A new Web site ranks the cleanliness of the streets of Los Angeles. “The city unveiled an online database today that grades the cleanliness of streets and alleys across Los Angeles as part of an effort by sanitation and elected officials to determine which areas need the most cleaning.”
TWEAKS & UPDATES
WordPress is going full HTTPS. “WordPress has announced that it’ll soon ensure every site built on its platform uses encrypted HTTPS as standard, in line with efforts being made across the rest of the Web. HTTPS is already available if you have a ‘.wordpress.com’ site but this is now being rolled out to custom domains that only use the WordPress backend.”
From MakeUseOf: How to Easily Collaborate on Google Drive with Online Annotation. “Google Drive’s native tools (including comments, a chat feature, and different levels of editing powers) are a great set of features, but there are specialized annotation web apps available that integrate with Google Drive and make communicating with others about your document, PDF, or image file easier and more effective.”
AROUND THE SEARCH AND SOCIAL MEDIA WORLD
Recently I mentioned people using Facebook to buy guided missles. Now I read that apparently social media is used for drug transactions as well. “The process is simple. On Instagram, using the social platform convention of hashtagging, a potential customer trawls through the app looking for phrases like #weed4sale or the names of the drugs themselves (#mdma, #mephedrone etc). The customer then contacts the owner of the account and the deal moves along through direct messages. In the case of Tinder, potential customers can swipe through profiles until they find a dealer and match with them.” (Tinder?)
Was Ted Cruz attacked by a swarm of Twitter spambots? “Yesterday, Republican strategist and #NeverTrump affiliate Patrick Ruffini noticed something strange. Four hundred sixty-five separate Twitter accounts had tweeted a message complaining about Ted Cruz’s robocall program. ‘If you’ve opted out of Ted Cruz robocalls and are still receiving calls, you can file a complaint with the FCC,’ the tweets read, followed by a link to a reporting page.”
What’s going on at Nest? “There’s something brewing over at Nest and it ain’t pretty. Though once one of Google’s more promising acquisitions, the company that helped put a friendly face on devices like thermostats and smoke alarms has reportedly lost its way. Not only has the company been unable to come up with any new type of innovative hardware, recent reports indicate that the Alphabet subsidiary is practically bleeding money while continuing to lose key talent.”
Looks like the Yahoo sale drama is going to go on for a while longer. “Yahoo has moved the deadline for its bids out another week to April 18, according to sources close to the situation and the blabby bankers they talk to. The process to sell Yahoo has been churning on as a variety of potential acquirers and just plain rubberneckers get briefed by management, either by video, phone or in person (only the chosen strategic ones like Verizon and AT&T get that royal treatment).”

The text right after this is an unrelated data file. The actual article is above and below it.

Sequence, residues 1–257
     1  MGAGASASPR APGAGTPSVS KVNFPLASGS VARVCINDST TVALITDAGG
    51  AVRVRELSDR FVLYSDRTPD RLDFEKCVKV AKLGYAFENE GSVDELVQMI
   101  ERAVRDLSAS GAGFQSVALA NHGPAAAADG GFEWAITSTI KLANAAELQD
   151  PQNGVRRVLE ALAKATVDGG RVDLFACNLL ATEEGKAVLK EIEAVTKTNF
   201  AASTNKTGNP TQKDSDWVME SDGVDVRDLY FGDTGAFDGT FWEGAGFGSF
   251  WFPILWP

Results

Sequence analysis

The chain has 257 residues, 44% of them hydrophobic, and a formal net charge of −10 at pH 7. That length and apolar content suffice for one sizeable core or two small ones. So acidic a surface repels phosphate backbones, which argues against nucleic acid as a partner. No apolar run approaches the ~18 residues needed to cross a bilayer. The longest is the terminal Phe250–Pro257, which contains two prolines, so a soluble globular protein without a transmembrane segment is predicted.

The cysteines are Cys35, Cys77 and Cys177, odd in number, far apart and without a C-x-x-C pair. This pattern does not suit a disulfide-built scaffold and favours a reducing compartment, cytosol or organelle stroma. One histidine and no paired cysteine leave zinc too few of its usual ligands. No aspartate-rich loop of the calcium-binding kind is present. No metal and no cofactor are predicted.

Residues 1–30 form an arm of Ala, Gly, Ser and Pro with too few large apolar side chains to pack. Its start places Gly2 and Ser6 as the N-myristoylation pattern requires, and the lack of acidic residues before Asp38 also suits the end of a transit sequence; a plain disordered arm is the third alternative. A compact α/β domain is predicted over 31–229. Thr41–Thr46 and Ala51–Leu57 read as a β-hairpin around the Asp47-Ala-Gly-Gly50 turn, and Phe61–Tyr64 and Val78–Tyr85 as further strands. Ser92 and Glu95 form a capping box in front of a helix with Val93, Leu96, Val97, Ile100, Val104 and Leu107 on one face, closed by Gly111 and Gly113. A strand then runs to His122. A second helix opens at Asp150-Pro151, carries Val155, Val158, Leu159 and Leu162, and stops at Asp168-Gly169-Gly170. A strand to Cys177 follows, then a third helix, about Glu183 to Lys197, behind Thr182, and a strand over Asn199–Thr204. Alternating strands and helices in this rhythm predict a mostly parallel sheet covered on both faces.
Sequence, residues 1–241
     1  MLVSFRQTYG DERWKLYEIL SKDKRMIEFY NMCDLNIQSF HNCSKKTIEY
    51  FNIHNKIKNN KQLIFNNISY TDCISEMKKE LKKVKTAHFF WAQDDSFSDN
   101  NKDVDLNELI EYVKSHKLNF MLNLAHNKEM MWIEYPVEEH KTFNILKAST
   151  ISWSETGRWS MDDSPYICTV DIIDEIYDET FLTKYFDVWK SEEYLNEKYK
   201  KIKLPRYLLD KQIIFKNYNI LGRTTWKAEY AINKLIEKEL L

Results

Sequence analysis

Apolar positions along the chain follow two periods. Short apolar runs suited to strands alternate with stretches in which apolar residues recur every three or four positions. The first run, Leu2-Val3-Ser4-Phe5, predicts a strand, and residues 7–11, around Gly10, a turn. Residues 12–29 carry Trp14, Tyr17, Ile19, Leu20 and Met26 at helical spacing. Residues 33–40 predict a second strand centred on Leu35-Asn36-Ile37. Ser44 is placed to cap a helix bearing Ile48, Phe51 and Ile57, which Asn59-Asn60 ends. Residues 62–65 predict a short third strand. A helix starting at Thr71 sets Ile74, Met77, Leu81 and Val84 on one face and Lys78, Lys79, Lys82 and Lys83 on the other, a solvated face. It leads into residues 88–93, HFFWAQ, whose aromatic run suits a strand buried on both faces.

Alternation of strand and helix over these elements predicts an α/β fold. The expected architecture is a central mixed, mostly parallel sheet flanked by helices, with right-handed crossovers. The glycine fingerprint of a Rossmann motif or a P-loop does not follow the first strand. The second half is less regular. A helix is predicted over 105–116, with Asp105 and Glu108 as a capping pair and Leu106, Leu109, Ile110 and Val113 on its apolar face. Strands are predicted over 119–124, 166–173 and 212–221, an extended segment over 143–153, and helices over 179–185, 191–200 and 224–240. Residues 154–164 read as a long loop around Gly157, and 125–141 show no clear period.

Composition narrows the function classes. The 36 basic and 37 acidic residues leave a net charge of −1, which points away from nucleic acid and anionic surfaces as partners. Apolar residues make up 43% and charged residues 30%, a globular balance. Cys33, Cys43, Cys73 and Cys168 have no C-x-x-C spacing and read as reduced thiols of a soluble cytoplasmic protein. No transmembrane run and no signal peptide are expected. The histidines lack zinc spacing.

Spear phishing (where the target is named in the e-mail) is getting more widespread and more scary. “According to researchers at security firm Proofpoint, a single threat actor, dubbed TA530, has been targeting executives and other high-level employees in an attempt to trick them into installing an assortment of malware—including the CryptoWall ransomware program that encrypts valuable data and demands a hefty fee to undo the damage. Other malware spread in the campaign includes the Ursnif ISFB banking trojan and the Ursnif/RecoLoad point of sale reconnaissance trojan targeting businesses in the retail and hospitality industries. Targeted executives typically have titles of chief financial officer, head of finance, senior vice president, and director.”
Beware: the expanse of advertising in Instagram also means scammy ads. “The worrying thing is that this made it onto Instagram at all. It pops up right under your thumb as you scroll through photos, and preys on potentially vulnerable, unsuspecting people. It also appears to contravene Facebook’s—and by extension Instagram’s—advertiser policies which explicitly deny ‘deceptive, false, or misleading content, including deceptive claims, offers, or business practices.'” To be fair, Instagram probably doesn’t have the time to deal with this, being preoccupied with mistaking cakes for breasts.
The Open Source Vulnerability Database (OSVDB) has been shut down. “The OSVDB was set up in March 2004 as a clearing house for security vulnerabilities that could keep code safer. Companies could pay for a license to use the database, but the problem is that plenty of them didn’t.” I did not need another reason to dislike McAfee. Good evening, Internet…
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